“I got worms!” Jim Carrey says in awesome 1994 slapstick comedy Dumb and Dumber. Indeed you have, Mr. Carrey, for Earthworm Jim was released on the SNES and Mega Drive in the same year!
We had the SNES version and, by Jove, was it one heck of a great platformer—it caused a sensation when it was released by the now defunct Shiny Entertainment.
Its bizarre mix of surreal humour and innovative level design wowed everyone in the industry.
The History of Earthworm Jim
We’ve did a Remembering Earthworm Jim post a while ago. But, finally, we wanted to review the 16-bit games as they’re two of our favourites from the SNES.
Now, Earthworm Jim, sadly, remains a relic of the 1990s—although there was a wonderfully bizarre cartoon series to accompany the hit video game, an eventual 3D outing on the Nintendo 64 led to mediocre reviews and that was that. Finito. What a tragedy.
But suggesting Earthworm Jim tumbled off into obscurity isn’t quite right. Over the years, the two platform games gave received re-releases on Nintendo’s handheld consoles.
Aand there was an HD remake in 2010 which made it to the Xbox 360 and PS3 (the company remade the entire game from scratch, minus the original code).
There have, however, been no official new games.
What immediately struck us back in 1994 is just how weird it all was. The Mario games are odd enough when you think about them, but Earthworm Jim is just flat out mental.
Tongue-in-cheek and really aimed at an older audience due to the peculiar nature.
Simply put, the story involves Jim. He is an Earthworm who is in possession of a robotic suit which provides him with special powers not normally associated with worms.
With this, he sets out to rescue Princess What’s-Her-Name and generally battle evil. It’s the best of video game storytelling—develop a basic plot and then let the player get on with it.
There aren’t many levels and there, oddly, isn’t a save option—just a hideously archaic password system. It was a memorable experience, however, with levels including:
- A trip to Hell (where you can kill a lawyer).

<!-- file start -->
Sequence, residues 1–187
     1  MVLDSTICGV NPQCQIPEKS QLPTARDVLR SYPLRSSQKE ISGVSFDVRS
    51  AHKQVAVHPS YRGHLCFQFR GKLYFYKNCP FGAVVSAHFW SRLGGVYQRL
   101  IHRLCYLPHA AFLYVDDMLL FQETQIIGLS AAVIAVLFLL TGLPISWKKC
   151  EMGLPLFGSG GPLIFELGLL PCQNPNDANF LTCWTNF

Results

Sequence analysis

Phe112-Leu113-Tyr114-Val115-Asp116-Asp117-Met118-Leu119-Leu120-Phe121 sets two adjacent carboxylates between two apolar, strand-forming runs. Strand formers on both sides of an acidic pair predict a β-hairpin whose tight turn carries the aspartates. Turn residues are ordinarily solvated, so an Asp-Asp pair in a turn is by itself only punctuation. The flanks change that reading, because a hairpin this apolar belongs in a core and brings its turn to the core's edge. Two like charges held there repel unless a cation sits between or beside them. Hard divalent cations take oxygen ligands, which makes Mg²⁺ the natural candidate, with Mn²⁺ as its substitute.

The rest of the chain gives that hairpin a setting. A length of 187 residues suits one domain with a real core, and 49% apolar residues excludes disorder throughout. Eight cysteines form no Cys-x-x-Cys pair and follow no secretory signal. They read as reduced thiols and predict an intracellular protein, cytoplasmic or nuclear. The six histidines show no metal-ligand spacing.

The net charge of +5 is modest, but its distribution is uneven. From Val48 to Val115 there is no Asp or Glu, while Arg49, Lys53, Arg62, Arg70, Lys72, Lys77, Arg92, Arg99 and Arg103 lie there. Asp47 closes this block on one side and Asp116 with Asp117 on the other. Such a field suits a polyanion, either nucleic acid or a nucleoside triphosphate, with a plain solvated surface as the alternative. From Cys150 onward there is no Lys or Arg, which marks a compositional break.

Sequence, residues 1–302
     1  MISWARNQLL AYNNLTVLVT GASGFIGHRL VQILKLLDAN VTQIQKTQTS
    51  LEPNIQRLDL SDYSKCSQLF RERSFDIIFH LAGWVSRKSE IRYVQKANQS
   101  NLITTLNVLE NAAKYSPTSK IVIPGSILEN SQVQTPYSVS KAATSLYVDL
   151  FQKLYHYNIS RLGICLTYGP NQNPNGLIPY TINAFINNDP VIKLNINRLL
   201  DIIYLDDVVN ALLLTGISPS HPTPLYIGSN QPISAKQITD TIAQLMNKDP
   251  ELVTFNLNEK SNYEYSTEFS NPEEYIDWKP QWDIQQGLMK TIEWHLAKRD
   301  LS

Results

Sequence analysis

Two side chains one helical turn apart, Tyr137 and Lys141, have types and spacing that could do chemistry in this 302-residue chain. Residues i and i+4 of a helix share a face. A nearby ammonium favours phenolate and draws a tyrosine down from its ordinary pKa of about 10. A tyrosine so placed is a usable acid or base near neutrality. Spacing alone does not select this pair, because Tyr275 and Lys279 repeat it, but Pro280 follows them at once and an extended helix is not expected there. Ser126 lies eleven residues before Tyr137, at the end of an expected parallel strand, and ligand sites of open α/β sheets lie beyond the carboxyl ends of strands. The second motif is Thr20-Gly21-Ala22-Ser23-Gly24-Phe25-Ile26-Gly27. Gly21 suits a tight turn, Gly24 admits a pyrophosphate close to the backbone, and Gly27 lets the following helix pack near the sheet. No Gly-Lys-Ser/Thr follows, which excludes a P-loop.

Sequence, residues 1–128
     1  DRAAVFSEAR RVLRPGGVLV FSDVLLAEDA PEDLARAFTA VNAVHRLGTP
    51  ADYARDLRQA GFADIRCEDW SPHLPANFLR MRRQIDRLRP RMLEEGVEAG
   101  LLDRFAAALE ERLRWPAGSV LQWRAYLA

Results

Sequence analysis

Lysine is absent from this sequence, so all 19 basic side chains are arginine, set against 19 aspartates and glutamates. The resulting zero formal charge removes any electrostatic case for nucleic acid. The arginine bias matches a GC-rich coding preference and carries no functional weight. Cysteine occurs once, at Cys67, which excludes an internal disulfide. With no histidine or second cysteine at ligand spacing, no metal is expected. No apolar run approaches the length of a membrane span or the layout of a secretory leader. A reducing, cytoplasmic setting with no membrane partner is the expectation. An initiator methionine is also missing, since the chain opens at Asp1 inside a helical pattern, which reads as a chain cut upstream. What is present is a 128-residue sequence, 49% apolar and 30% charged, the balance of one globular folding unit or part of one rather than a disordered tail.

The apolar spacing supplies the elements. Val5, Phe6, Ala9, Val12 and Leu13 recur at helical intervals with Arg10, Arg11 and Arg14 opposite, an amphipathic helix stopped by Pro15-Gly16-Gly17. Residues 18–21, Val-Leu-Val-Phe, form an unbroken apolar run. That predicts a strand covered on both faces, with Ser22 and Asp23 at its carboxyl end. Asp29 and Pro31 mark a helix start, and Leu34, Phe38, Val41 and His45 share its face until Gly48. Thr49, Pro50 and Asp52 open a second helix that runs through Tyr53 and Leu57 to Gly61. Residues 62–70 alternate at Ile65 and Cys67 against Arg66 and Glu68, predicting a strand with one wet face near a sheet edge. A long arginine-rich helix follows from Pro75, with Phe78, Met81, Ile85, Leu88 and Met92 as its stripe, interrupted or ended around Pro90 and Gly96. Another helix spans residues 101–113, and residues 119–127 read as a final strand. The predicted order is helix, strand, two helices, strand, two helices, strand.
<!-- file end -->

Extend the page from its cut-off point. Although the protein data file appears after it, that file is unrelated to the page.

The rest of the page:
- A hellish submarine level that remains rather frustrating.
- A bungee jumping snot level.
- One where you protect a little puppy called Peter whom, when injured, turns into a slobbering monstrosity.
The game was tough, great fun, and memorable. That’s why we’re remembering it so fondly. Let’s hope it makes it to the Nintendo Switch SNES library at some point.
That and Earthworm Jim 2, the excellent sequel from 1995. Fantastic games. Happy memories.
The Earthworm Jim Cartoon!
There was an equally surreal Earthworm Jim cartoon to go with the video games.
Now, it’s been noted in the press (and gaming community) just how awful video game to film/TV adaptations have always been.
No one ever mentions how brilliantly deranged Earthworm Jim was—it even featured the voice talent of Dan Castellenata (of Homer Simpson fame) as the eponymous Jim!
The show fleshed out the characters’ personalities a great deal, so the banal princess rescuing plot of the games has real context to it, as Princess What’s-Her-Name turns out to be a self-sufficient lady who can stand up for herself.
Jim, meanwhile, is a hilarious, bumbling, just about competent goofball who has three brains (“I’m hungry”, “I’m thirsty”, and “Where am I?”) and in one episode eats some frozen yoghurt and runs around screaming due to brain freeze. It’s a lot of fun.
After much delay, the series found its way onto DVD around the 2010 mark and you can pick it up quite easily off Amazon.
There were 23 episodes lasting 30 minutes between 1995 and 1996, and our recollection of it remains as an unbelievably weird show which was funny, witty, and a laugh.
We’ll be hunting down the DVD and seeing if we can confirm this as reality. Stay tuned.